Science & Technology

Laboratory Building 560 Wing 1 Renovation - Image 1
Science & Technology

Leidos Laboratory Building 560 Wing 1 Renovation


The Frederick National Laboratory for Cancer Research (FNLCR) is an integral part of a federally coordinated research and development initiative created by the National Cancer Institute (NCI) to further scientific understanding of cancers. Operating on the Fort Detrick campus in Maryland, the FNLCR brings public and private partners together to address the most difficult cancer research challenges with an array of unique, state-of-the-art advanced technologies.

As part of an engineering term contract with the National Cancer Institute in Frederick, which is operated by Leidos Biomedical Research, Inc., RMF provided the mechanical and electrical engineering services for an HVAC system upgrade in Building 560. The building has a total of approximately 81,000 SF of laboratories, conference rooms and office space, and the renovation will modernize approximately 20,000 SF of that space to providing N+1 HVAC system redundancy for Wing 1, Floor 1. This renovation was necessary to add redundancy per the NIH Design Requirements Manual (DRM), as well as correct control issues the facility was having with the existing steam heating coils.

During the renovation, RMF also performed an energy modeling scorecard for the Green Globes Certification. The Green Globes rating system is a more engineering focused energy initiative because it looks at a broader spectrum of design issues, and Green Globes certification is now mandated by the NIH DRM.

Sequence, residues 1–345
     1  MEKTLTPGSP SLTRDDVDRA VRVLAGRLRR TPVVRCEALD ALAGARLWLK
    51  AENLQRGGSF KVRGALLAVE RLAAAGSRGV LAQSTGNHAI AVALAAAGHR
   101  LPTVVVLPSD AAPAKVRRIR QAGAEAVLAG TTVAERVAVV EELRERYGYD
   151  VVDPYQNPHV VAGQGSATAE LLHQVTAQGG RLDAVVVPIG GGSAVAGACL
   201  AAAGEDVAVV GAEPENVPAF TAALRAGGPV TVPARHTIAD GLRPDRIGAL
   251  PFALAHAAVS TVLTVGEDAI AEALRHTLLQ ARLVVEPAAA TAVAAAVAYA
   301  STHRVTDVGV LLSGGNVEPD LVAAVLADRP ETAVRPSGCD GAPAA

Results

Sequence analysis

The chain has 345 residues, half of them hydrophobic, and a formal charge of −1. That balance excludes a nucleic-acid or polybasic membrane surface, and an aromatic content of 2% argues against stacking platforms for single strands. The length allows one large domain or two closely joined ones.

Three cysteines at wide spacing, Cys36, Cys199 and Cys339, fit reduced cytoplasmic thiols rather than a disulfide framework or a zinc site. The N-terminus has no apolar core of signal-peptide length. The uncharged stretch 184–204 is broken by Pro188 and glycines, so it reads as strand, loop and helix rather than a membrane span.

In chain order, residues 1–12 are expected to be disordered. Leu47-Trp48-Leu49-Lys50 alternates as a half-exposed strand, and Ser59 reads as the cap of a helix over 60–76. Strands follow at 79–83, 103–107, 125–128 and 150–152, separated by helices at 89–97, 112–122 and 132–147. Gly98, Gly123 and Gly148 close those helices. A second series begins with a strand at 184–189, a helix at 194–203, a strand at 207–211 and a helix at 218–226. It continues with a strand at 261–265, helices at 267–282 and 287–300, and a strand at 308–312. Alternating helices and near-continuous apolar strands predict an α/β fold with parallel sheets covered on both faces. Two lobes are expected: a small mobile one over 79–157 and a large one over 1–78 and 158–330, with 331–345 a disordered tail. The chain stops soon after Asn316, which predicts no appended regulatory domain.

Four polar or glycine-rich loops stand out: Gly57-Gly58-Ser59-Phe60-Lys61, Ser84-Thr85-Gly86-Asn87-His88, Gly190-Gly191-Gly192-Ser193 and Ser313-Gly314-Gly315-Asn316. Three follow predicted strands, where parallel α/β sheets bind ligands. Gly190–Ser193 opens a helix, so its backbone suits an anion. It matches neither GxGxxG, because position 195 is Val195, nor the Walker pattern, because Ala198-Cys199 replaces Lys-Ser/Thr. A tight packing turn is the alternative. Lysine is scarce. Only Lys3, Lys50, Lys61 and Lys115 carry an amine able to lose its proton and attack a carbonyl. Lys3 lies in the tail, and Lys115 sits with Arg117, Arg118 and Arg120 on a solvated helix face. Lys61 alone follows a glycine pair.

Engineering Highlights

  • Replaced two (2) 17,000 cfm air handling systems and their associated glycol energy recovery exhaust fan modules
  • Three (3) new 22,000 cfm supply and exhaust fan energy recovery modules were installed to meet the clients need for 100% redundancy
  • The new unit supply and exhaust systems were manifolded to allow for scheduled maintenance without reducing capacity in the building
  • All units were galvanized steel construction with aluminum tread plate flooring. The fans were plenum type direct drive to greatly reduce maintenance concerns with older belt driven fans
  • The aspect ratio of the older air handling units restricted the ability to deal with the existing space constraints while allowing access to all coils, filters and fans for routine maintenance
  • The new units were designed to be custom made to allow a greater height and smaller width thus achieving and greatly enhancing the maintainability of the units
  • All new and existing components were rigged in and out through a new outside air intake louver

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